The position has been manned for three years by Mustafa Shakur and next year he should be in that spot. Although Shakur had been at best inconsistent, but the last month of the season he looked more like the player who was billed as the nation's top point guard recruit not the player that had Arizona fans and coaches puzzled.
The past two games have Wildcat fans thrilled. Add to them his play in the Stanford game at the Pac-10 Tournament and you have a confident, skilled player. A player that Arizona could potentially ride a long way in next year's NCAA Tournament. Shakur was aggressive, but smart. He showed offensive skill, but did not press or force things. Most importantly, he was clearly a leader. THE leader.
The only problem for Wildcat fans is that maybe Shakur played too well. Many NBA analysts have long been intrigued by Shakur's size and quickness and after his performance in Philadelphia, his stock is as high as it ever has been.
With that said, Shakur has already informed people that, as of now, his intention is to not even test the waters, but to concentrate on his senior season. Although it wouldn't be a complete shock if he investigated his draft status, he has to realize that any shot at becoming a first rounder is predicated on his returning to the Wildcats next season. The rest of the point guard situation is also in flux. Freshman J.P. Prince has had a rocky first year at Arizona. He showed great promise in the early part of the season, but had been suspended on one occasion and has had his work ethic questioned. Although earlier in the season he stated that he was coming back to Tucson next fall, he backed off those claims following the Wildcats' loss to Villanova.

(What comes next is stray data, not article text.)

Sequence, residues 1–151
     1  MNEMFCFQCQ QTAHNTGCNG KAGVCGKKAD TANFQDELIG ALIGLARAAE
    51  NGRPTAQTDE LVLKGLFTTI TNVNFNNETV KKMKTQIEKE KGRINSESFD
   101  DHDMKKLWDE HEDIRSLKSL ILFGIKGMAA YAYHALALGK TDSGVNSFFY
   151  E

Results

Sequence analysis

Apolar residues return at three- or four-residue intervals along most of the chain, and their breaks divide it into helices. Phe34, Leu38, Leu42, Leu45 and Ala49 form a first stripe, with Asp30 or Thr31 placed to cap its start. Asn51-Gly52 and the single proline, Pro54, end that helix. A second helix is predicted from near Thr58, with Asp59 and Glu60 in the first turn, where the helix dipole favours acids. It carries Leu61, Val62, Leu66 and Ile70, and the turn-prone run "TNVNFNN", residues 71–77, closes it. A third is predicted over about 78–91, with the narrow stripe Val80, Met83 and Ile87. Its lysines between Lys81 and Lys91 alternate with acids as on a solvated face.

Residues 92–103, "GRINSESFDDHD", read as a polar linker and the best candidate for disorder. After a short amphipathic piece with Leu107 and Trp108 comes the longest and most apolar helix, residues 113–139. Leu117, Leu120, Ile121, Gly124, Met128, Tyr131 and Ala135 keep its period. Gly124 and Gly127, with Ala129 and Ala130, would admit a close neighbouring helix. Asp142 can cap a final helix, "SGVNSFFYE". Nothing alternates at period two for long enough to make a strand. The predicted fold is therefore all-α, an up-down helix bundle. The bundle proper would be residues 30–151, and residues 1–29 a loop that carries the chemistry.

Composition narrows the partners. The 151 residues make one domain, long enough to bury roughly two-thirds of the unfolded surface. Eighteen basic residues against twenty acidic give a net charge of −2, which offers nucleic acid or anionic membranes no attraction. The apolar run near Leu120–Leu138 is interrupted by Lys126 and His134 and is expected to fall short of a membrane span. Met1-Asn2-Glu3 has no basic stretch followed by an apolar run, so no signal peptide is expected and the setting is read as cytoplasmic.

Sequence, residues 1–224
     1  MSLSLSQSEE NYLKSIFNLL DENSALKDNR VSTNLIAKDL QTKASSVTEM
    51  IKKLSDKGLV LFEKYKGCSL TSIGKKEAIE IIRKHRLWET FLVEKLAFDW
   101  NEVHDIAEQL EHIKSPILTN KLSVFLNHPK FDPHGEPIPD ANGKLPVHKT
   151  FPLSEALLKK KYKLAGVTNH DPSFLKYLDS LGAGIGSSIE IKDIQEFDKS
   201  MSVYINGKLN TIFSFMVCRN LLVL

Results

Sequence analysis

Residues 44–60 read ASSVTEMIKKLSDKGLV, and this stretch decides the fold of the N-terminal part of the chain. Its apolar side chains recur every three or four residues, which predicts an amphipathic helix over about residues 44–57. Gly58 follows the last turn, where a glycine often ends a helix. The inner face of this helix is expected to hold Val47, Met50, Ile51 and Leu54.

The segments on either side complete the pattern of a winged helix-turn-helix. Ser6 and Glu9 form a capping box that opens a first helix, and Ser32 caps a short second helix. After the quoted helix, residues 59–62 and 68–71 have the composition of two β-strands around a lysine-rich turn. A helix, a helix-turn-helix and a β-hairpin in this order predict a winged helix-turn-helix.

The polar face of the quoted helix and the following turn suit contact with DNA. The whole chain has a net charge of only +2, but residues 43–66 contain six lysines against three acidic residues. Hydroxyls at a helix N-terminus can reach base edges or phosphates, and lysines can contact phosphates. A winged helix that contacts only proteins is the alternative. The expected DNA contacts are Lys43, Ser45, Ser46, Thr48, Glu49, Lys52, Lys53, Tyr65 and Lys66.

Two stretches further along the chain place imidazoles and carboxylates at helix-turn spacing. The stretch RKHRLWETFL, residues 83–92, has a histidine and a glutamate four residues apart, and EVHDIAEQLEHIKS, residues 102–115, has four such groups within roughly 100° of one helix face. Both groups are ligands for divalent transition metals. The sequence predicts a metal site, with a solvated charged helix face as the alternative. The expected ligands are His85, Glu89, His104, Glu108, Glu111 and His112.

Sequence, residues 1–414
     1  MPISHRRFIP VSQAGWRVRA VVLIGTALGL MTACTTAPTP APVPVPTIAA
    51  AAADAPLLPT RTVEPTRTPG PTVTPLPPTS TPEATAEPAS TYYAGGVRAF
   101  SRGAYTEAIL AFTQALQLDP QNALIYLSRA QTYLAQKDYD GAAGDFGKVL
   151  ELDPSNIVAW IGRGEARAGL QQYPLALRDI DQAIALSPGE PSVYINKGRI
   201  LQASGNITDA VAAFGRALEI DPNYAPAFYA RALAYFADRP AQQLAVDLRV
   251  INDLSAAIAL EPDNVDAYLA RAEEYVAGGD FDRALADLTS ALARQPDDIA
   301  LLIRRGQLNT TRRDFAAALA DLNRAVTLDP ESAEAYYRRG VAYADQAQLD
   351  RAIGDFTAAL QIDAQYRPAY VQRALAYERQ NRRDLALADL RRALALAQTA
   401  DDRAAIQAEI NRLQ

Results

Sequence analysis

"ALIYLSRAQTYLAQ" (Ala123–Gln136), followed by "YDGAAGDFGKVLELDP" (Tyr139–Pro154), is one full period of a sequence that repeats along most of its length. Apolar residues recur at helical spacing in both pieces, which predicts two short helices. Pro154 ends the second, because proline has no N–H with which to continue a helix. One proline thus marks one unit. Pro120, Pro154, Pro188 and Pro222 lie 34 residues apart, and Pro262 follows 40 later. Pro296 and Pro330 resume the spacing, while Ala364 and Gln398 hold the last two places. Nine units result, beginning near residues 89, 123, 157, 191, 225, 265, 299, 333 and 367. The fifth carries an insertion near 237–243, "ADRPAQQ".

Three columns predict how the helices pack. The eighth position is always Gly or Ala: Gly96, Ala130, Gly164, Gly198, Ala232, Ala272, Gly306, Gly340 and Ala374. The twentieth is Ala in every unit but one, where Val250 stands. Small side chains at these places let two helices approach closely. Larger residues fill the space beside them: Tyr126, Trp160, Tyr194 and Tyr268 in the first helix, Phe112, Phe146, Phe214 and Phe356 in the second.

"I think I'll have a tough decision to make," Prince told the Tucson Citizen.
Prince showed great floor awareness, especially in terms of his passing and his ability to get the ball inside. His shot selection was iffy and he failed to improve on the defensive end. If Prince returns he'll need to buy into the Wildcat work ethic and become a better defender. With his size and vision he has so much upside that it would be a shame to lose him.
If Prince does not return, that will put added pressure on incoming freshman Nic Wise. Wise comes in with a ton of promise, but a load of questions as well. The undersized point guard is not built like traditional Wildcat guards. He's built more like former Wildcat Kelvin Eafon or even UConn's Khalid El Amin, minus the spare tire. He may not be long and he may not be tall, but Wise is a winner. He led his Kingwood high team to the 5A Texas Championship game two years in a row, winning it his junior season.
He has the potential to solve a few of the Wildcats' problems from last season. He has great basketball IQ and has been nothing short of solid in crunch time. A streak shooter, he is capable of knocking down several three pointers in a row. It remains to be seen if he can create his own shot against bigger point guards, but expect him to be able to knock down the open shot.
Like any true freshman, there is no guarantee that Wise will be able to play right away. He has to learn the Wildcat system, and you can never gauge how quickly a newcomer can pick things up.
If Prince leaves and Wise is not ready, and those are two big ifs, then you can expect a few different players to contend for minutes at the one. Marcus Williams handled the duties at times during Chris Rodgers' suspension and did a decent job. Daniel Dillon was recruited as a combo guard and with some improvements could play a bit at the one. Lute Olson has actually mentioned that Chase Budinger may be skilled enough to play point guard.